This new breed form the 50’s has evolved, has taken opression & repression to a new level.
    The “brain wahsing” of the children in school alone accounts for a generation.
    The created dependency for food & other “commodities” accounts for some more & finally … perhaps the knack for survival that only a Cuban posseses … might account for the rest.
    I do not for a moment think Cubans don’t aspire to freedom, I think the island is inhabited by peaceful people but don’t mistake their peace for fear …
    When the time is right … Cubans will stand up & shake their chains by themselves w/no “external help” & not one minute before & regarldess what the “external opinions” have to say …

  15. THE WASHINGTON POST: How Castro and Chavez lost the 2010 elections-By Jackson Diehl | November 4

    Lots of foreign leaders have reason to regret the outcome of the U.S. midterm elections, from the Norweigan Nobel peace prize committee to Russia’s Dmitry Medvedev. But if there is one big un-American loser from Tuesday’s vote, it’s got to be Raul Castro.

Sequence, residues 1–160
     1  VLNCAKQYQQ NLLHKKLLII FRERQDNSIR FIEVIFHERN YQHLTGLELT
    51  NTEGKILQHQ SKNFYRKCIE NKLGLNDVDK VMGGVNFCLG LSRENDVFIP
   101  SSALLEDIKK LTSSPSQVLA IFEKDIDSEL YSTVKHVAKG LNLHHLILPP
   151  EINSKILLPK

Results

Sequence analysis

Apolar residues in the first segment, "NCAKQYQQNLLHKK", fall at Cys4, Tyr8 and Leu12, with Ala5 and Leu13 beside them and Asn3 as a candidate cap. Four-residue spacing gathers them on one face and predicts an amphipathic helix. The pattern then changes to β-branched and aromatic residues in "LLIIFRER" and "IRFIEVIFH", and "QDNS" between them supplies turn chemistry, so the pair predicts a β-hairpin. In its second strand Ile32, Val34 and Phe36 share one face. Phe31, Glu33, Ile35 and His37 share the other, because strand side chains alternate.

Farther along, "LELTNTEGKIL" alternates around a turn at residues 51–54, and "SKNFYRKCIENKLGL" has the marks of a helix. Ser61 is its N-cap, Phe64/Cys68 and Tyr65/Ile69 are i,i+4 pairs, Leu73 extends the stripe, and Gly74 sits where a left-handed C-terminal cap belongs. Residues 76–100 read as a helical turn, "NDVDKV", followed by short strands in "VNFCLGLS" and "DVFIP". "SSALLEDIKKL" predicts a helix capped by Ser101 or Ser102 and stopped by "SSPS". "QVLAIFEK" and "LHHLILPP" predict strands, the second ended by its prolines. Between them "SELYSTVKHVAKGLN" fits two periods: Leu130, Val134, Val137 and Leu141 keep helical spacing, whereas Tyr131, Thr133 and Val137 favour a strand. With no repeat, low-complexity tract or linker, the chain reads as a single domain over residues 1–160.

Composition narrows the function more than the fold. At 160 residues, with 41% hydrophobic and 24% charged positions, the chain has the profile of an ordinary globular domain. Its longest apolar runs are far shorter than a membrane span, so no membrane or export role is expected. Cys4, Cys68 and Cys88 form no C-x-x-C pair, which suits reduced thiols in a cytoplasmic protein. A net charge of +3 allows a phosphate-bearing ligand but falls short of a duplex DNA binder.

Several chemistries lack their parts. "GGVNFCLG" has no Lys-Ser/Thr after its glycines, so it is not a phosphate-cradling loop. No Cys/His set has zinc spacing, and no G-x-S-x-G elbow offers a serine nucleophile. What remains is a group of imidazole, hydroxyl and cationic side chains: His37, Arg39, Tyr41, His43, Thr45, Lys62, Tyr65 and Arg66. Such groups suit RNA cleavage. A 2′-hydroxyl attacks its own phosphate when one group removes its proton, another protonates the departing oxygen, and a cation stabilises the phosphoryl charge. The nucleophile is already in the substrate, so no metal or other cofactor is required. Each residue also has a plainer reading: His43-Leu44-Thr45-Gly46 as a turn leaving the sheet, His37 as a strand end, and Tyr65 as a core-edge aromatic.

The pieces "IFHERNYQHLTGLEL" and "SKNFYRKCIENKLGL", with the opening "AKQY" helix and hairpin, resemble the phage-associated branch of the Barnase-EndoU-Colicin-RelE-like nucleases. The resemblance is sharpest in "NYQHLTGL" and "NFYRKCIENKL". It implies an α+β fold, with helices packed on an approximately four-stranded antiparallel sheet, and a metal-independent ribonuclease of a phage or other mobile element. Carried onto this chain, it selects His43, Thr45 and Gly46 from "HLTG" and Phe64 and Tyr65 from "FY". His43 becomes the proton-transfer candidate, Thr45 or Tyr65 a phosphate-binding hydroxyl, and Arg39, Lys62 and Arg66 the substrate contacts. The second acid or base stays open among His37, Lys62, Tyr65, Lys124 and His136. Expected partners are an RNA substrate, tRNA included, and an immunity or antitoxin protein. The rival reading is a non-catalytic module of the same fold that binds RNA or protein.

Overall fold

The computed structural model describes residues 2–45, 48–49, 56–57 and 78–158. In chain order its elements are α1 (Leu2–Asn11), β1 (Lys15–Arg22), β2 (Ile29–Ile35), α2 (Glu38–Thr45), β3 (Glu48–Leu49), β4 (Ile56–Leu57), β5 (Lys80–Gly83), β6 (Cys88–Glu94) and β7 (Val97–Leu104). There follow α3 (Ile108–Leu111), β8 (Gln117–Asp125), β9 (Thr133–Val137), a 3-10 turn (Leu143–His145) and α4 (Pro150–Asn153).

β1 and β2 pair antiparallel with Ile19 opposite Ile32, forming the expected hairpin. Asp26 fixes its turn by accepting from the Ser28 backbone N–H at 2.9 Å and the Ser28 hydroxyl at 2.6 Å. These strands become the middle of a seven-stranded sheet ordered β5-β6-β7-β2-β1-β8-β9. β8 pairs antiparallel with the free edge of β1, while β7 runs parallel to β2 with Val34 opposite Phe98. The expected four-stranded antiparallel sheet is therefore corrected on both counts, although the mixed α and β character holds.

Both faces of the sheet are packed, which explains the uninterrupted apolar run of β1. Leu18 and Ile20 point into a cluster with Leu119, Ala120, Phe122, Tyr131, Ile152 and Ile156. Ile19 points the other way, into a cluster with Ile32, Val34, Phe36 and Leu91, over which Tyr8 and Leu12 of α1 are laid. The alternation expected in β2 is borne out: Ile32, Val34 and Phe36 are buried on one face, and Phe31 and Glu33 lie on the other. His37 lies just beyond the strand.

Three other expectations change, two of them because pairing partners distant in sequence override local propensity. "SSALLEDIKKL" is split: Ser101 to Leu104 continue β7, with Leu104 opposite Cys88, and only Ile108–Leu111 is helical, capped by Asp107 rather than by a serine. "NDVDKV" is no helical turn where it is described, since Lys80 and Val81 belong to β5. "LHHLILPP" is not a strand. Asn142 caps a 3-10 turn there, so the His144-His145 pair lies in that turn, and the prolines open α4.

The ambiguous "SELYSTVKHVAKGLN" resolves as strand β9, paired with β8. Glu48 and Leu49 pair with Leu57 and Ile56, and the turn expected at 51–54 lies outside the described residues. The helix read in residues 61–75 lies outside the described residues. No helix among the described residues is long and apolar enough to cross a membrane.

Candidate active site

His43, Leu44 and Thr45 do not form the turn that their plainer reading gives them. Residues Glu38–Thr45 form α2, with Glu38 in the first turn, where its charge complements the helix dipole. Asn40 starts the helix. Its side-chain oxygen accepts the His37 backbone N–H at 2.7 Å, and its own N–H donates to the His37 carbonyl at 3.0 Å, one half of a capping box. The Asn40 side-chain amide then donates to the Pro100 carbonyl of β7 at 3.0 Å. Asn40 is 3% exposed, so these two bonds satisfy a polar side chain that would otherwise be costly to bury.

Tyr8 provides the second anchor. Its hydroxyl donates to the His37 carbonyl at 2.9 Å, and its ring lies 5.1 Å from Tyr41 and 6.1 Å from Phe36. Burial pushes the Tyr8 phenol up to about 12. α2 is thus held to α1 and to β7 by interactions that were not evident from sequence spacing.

For months the Cuban dictator and his semi-retired brother Fidel have been waging a charm offensive aimed at the Obama administration and Congress. They’ve sent some political prisoners into exile; invited American journalists to Havana; and encouraged Cuba’s Roman Catholic cardinal to lobby for them in Washington. Fidel even denounced anti-semitism.

    Their purpose has been obvious: to obtain the easing of U.S. sanctions on Cuba at a time when the country’s economy is desperately in need of help. In particular, the Castros have been hoping for a lifting of the ban on American tourist travel — something that they calculate could bring in a flood of U.S. beach visitors and hard currency. Legislation to do just that has been pending in Congress.